Friday, January 14, 2011

forgetting a bodhisattva ...

Today, I have to get over to the car-repair place to have a blinking air-bag light attended to. I took the car to get its yearly inspection yesterday and the blinking air-bag light meant that the car was rejected for a new, yearlong sticker.

When I said to the inspector that I had been driving around for years with that blinking light and no one had complained, he said the state had changed the laws ... now any blinking light was cause for rejection and failure. He asked if I'd like his mechanics to take a look and, by implication, fix the problem: "It'll cost a minimum of $85," he said with a straight face. I said I would take it to my mechanic, which is what I plan to do this morning. $85 sounds like highway robbery to me.

But besides wanting to save some money, I also like going to my mechanic. He is a guy I honestly admire and respect. As I get older and what were once "heros" slip off my mental radar, my mechanic remains someone I might aspire to be or be like. I have a serious place in my heart for this guy.

And yet, for reasons I cannot fathom, I really have a hell of a time remembering his name. Each time I go to him, I have to take minutes finding the past experience that will allow me to say his name with certainty and comfort. It's utterly ludicrous since he has one of the simplest names in the world ... why the hell do I keep forgetting it?! His name is Jose Gonzales, a veritable John Doe of a Hispanic name. Easy-peasy ... and yet I forget and forget and forget. It truly symies me.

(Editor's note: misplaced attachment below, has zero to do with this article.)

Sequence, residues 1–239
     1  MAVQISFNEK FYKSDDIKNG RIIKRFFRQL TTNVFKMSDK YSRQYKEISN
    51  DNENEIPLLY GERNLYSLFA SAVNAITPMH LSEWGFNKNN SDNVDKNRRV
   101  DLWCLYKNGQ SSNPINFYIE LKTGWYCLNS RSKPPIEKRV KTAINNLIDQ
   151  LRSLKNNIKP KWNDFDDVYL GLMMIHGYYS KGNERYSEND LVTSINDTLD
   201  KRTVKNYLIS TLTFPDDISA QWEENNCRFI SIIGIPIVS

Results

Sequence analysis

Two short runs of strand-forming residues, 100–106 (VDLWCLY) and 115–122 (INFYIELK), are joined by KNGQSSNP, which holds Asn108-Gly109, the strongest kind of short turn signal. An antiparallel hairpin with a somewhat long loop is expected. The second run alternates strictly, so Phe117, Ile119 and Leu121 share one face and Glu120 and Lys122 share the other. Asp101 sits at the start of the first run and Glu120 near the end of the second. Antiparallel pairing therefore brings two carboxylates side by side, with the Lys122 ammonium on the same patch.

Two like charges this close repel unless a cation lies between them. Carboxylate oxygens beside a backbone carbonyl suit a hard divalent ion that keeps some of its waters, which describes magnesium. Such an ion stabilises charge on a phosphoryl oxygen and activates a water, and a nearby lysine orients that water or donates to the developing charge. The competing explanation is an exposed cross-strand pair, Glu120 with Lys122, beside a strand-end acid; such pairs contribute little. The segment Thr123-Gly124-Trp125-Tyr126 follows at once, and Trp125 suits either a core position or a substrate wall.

Jose is friendly and honest and hard-working and the two of us share an opinion of those qualities. I enjoy being in his company. It feels good ... sort of like being "at home." If I had to pick a bodhisattva on my horizon, Jose would be front and center. And yet I forget his name. What the fuck?!

But maybe if I write this blog entry, I'll remember more quickly. Who in the world forgets their bodhisattvas?!


  1. help me become another's bodhisattva.

    love you because u were mine.

  2. Sounds like my barber, just a decent bloke, i often felt that the $5 tip i leave him under all his protestations was money well spent for his company, forget the haircut. I always want him to take more off just so i can be in his positive company. Yet when he asks why for 20 years we never seem to make time for a beer together it’s always "we will ….THIS summer we will do that" but we both know it probably wont happen, life will get in the way. He hears all the constant complaining, same old jokes day after day and he just smiles and laughs on cue. When I am waiting in line and the guys ahead of me don’t leave him a tip (i watch!) or one that’s insulting i feel like grabbing them and say "look you wealthy old bastard $12 (seniors rate unchanged for what seems decades) for a haircut and you won’t leave him a buck or two? WTF? He has listened (as we all have) to your constant whining for past 15 minutes without telling you to shut up the least you can do is compensate him!”….I don’t because it would embarrass him too much! Great lessons from those we constantly encounter we just need to be aware of them.

  3. I think - it's hard to find an honest mechanic but good on you when you do :)